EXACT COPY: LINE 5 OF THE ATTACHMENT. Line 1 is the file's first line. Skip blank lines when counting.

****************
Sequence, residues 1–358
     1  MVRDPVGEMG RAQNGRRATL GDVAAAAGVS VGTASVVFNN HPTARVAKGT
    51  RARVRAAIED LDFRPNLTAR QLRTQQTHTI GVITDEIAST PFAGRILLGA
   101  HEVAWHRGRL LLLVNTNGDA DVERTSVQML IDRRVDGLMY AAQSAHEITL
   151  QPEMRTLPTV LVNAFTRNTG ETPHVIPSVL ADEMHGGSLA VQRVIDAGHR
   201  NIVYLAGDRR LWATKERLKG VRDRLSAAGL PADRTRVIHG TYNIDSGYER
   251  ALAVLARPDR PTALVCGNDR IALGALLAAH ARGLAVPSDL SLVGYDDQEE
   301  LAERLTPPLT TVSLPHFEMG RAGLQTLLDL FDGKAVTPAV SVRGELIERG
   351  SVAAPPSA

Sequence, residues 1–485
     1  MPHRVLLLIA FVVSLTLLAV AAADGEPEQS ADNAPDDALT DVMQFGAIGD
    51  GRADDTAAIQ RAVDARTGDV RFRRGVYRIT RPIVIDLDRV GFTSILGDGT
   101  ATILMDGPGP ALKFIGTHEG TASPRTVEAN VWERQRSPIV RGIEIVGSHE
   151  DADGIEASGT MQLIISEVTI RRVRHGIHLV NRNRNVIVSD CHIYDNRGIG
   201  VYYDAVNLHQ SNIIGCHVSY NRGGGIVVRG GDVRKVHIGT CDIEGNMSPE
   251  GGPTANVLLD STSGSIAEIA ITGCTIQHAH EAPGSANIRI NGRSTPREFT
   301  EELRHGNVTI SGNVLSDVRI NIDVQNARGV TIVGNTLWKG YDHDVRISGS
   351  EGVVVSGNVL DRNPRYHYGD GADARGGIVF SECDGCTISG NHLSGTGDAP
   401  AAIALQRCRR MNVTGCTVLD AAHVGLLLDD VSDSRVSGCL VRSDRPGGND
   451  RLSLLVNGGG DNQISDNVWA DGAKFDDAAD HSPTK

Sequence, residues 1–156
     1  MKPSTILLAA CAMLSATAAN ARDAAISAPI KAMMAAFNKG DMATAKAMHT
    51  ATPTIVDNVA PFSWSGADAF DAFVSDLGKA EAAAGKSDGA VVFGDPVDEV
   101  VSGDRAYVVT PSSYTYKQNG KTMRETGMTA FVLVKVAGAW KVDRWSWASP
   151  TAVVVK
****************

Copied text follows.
   151  QPEMRTLPTV LVNAFTRNTG ETPHVIPSVL ADEMHGGSLA VQRVIDAGHR